3. @ Folmer, Yeah, I know. With the EHL rules being a testing ground for new FIH rules, and the recent conversations within rules interpretation meetings, look to see the “own goal” as well as the implementation of the 1-on-1 finish to playoff games. I, for one, am really excited about that change.

    @ Gerald, I suspect that as long as they don’t bring back offsides, I doubt they’ll get rid of the D.

  4. Love the article, I had about six shots outside the D in three matches the other week, one on a short where the player just stared at it for five seconds, then decided to wack it form outside the D! Didn’t half give the team heart attacks when I raised my foot. whitr’s comment confused me a bit, I’ve had own goals and 1-on-1 for the last five years at club and school, unless you guys are talking about another country, or I’m just confusing it. I’d like 1-on-1 if the first time I’d done it someone had actually explained it to me, so after losing three shots, I hate it.

  5. KeeperH… I was talking FIH rules so if your club level does something different, that’s a whole other question.

    The current rules (FIH) require an offenders stick to touch the ball inside the circle in order to count as a goal. The change in rule will likely be that a ball going into the goal after being touched only by a defender or goalkeeper will count as a goal.

  6. To complete Whitr:
    The rule currently in use at the EHL (Euro Hockey League) is that the ball needs to be touched inside the D by ANY player to count as goals. So it doesn’t matter if it’s an attacker or a defender.

    As for the 1-on-1’s: Also in the EHL, if a decision game (e.g. the final) end in a draw it is no longer decided by penalty strokes, but by 1-on-1 penalty shoot-out’s. The attacker starts at the 25m line and the GK behind the goal line. A 1-on-1 is then played until either a goal is scored, the ball is out of play or time has run out. (25s max)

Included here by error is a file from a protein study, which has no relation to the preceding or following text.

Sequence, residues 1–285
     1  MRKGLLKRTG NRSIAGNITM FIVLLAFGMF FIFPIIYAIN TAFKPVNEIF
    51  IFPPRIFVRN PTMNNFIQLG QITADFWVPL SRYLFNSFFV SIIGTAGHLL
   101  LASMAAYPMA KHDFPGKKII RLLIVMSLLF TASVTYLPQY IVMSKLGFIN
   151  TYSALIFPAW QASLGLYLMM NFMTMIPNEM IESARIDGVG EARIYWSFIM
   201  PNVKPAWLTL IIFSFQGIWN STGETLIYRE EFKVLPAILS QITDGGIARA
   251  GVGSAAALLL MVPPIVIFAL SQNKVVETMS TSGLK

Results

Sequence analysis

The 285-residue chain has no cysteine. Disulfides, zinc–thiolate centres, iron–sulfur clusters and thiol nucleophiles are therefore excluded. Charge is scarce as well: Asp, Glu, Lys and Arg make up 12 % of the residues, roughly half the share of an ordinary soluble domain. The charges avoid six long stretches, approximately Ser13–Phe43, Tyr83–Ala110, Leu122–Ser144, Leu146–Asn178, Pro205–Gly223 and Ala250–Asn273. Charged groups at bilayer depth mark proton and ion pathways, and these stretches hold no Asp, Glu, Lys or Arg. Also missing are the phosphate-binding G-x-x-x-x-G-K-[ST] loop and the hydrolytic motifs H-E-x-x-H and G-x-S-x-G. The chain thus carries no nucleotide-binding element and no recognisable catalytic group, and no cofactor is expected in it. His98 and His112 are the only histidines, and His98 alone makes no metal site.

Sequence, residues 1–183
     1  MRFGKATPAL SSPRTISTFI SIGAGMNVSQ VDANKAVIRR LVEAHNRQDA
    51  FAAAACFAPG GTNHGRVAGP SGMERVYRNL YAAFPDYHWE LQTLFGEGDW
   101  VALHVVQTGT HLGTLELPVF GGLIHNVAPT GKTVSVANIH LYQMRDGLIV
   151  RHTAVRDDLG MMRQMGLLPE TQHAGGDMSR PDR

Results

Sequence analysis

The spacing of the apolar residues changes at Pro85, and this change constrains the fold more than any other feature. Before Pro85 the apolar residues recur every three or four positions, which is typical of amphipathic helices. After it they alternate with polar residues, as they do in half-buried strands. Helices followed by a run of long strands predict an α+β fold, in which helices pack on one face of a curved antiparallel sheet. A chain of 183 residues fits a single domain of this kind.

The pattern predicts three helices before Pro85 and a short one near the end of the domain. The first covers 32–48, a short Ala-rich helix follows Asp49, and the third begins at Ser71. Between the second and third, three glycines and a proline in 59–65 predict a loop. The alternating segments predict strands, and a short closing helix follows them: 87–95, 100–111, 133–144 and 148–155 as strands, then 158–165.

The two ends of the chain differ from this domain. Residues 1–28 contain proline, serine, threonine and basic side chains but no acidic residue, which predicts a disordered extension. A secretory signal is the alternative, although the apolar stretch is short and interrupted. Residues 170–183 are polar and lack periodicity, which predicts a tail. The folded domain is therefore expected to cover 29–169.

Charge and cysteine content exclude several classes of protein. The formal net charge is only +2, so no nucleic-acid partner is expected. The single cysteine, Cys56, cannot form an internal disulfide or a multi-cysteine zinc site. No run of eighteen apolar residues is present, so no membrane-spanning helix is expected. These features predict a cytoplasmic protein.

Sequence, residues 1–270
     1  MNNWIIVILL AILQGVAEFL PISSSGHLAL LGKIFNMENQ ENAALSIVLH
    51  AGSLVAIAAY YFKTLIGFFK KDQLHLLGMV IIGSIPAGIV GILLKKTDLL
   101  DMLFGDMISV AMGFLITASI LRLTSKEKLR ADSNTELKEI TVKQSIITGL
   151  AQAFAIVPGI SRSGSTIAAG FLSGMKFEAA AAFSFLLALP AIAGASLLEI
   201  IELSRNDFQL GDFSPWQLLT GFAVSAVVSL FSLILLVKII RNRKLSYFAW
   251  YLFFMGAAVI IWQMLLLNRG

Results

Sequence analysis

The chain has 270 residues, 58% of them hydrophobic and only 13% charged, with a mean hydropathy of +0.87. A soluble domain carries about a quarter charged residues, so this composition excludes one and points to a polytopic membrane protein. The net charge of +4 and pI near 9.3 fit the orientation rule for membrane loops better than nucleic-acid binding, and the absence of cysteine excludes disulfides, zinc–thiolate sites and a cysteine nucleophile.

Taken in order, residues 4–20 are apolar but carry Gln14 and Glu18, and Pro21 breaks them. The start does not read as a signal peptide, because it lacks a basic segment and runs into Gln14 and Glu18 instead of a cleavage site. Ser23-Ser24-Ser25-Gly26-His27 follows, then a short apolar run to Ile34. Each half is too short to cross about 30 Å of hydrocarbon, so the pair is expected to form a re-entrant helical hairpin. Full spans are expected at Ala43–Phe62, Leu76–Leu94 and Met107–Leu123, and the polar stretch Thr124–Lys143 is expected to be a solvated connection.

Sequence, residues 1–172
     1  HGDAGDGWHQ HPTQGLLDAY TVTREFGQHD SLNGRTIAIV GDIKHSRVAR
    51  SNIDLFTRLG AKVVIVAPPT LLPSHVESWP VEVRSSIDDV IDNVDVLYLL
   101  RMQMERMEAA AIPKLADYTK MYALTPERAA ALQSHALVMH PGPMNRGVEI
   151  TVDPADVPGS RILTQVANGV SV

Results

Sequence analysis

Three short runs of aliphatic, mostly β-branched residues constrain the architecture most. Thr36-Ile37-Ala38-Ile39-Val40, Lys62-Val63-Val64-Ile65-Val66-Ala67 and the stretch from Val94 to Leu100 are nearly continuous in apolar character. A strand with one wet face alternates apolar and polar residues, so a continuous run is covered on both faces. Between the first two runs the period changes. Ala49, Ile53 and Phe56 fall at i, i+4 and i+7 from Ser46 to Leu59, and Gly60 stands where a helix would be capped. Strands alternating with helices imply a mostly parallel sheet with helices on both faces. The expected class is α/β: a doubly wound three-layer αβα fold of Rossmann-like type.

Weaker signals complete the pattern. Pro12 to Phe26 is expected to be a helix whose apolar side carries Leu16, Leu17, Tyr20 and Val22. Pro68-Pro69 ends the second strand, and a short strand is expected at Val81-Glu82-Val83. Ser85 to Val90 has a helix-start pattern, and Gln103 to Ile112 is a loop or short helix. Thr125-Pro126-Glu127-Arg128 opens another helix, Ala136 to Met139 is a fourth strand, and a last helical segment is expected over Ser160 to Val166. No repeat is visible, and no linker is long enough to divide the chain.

7. It is also wise to think and not just react from habit. As all good Keepers are constantly watching the game, they would know how the field is set. With this information, if there is sufficient time, it may be of greater advantage to play the ball to one of your unmarked players rather than let the ball go.

    While it is true that there can be advantage by gaining a 16, this opportunity also allows the opposition to reset. Allowing the ball through in order to gain a 16 is also the expected play so an unexpected, well-placed pass from a keeper to beging the offensive can catch the opposition flat-footed. This may be of greater advantage than simply accepting a 16.

    There is chance of making a mistake, just like any other play, so practice this play so that your player know to expect this play and so the margin for error is reduced.

  8. You really have to make sure you watch where players are coming in from and that the ball doesn’t bounce off of the post and remain in play. Happened twice in a game once, I cleared it both times but it was still a little nerve racking when I realized it stayed in play.
    I really hate strokes, but what would the odds be for a keeper in a 1 on 1?

Leave a Reply